Rare oriole's return to West Coast delayed by red tape

Though the sanctuary has secured a no-cost ride for a rare Bullock's oriole that turned up in this area in late 2015, the bird remains stuck here while the necesssary permits are approved.

Special permits required before Bullock's oriole can return to B.C.

The sighting of this Bullock's oriole in 2015 drew hundreds of birdwatchers to Pakenham, Ont. (Stu Mills/CBC)

A wayward bird whose 2015 sighting in the Ottawa area made headlines now appears to be caught in a net of red tape.

The extremely rare appearance of a Bullock's oriole drew hundreds of birders to Pakenham, Ont., eager to cross the little bird off their list.

But in January 2016 the oriole, in danger of freezing to death, needed to be rescued. It was taken to the Ottawa Valley Wild Bird Care Centre, where it's been recuperating ever since.

Last month the centre put out the call for a volunteer to help return it to its normal range on the West Coast — and while there have been many offers to deliver the bird home, government regulations are currently keeping the oriole grounded in eastern Ontario.

More than 600 people have offered to either help with the bird, visited her, or mentioned her in donations to the sanctuary since she arrived, said the centre's Patty McLaughlin.

To McLaughlin's knowledge, that's the most interest any single avian visitor to the sanctuary has ever generated.

"She's a celebrity and she doesn't even know it," she said.

Air Canada covering costs

Air Canada has even agreed to pick up the tab to fly the bird home in a special box — in business class, no less.

But before that can happen, special import permits required by B.C.'s Ministry of Forests, Lands, Natural Resource Operations and Rural Development that would allow a migratory bird to be "migrated" by humans across provincial borders must be approved.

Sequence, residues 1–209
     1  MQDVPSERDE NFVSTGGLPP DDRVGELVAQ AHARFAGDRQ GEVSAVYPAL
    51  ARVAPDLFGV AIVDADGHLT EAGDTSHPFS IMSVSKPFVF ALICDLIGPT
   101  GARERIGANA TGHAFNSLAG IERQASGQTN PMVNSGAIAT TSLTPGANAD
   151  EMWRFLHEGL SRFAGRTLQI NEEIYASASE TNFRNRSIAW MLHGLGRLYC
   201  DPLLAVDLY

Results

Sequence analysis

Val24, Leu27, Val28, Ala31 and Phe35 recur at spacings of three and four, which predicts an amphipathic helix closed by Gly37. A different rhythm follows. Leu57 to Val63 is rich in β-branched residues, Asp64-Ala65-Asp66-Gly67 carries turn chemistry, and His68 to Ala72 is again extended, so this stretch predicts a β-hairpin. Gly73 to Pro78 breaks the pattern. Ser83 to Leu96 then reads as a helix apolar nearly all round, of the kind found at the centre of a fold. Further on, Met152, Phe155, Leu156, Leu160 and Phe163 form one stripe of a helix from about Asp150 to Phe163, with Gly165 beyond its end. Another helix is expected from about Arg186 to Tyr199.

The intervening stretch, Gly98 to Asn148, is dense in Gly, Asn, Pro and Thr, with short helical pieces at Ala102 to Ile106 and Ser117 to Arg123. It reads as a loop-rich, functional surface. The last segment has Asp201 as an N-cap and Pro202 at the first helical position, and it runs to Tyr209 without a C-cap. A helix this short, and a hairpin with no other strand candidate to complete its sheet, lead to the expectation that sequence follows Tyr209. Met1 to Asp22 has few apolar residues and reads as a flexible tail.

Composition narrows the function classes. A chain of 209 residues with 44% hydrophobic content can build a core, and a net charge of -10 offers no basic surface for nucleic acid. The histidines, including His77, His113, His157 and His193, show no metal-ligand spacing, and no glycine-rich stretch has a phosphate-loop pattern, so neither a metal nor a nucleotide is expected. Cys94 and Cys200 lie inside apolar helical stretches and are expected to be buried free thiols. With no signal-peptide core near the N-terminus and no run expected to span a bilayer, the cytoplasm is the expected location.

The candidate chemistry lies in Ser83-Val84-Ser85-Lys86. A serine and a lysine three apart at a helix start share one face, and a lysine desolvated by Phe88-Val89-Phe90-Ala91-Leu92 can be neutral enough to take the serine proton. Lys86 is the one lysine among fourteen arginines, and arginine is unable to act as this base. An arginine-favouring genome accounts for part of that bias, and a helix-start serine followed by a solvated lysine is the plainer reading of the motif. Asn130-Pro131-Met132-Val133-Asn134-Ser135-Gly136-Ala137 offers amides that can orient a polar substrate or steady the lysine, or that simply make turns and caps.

Patty McLaughlin of the Ottawa Valley Wild Bird Care Centre says the rare Bullock's oriole is 'a celebrity and doesn't even know it.' (Stu Mills/CBC)

"These laws are there to protect our birds, so people aren't collecting them or keeping them," said McLaughlin. "It takes a lot of coordination from a lot of different people to move a bird like this across the country."

Approvals for the import papers required by B.C. could take up to six weeks.

Needs clean bill of health

The oriole had recuperated from her brush with an icy death by last spring, and the centre wanted to have her on the wing in the summer of 2016.

However, it took longer than expected to find a western bird sanctuary able to assist with her relocation.

The import permits also required a thorough checkup and a clean bill of health from the Wild Bird Care Centre's veterinarian. Those health reports then needed to be approved by veterinarians in B.C., as well as by the ministry.

That could mean the oriole doesn't touch down in Vancouver until late August.

McLaughlin said while that's a little frustrating, it comes with the territory. She hopes that by the end of August, the wayward Bullock's oriole can finally return to the sky.

"These are rules we need to abide by to protect our birds," she said. "It's part of the job."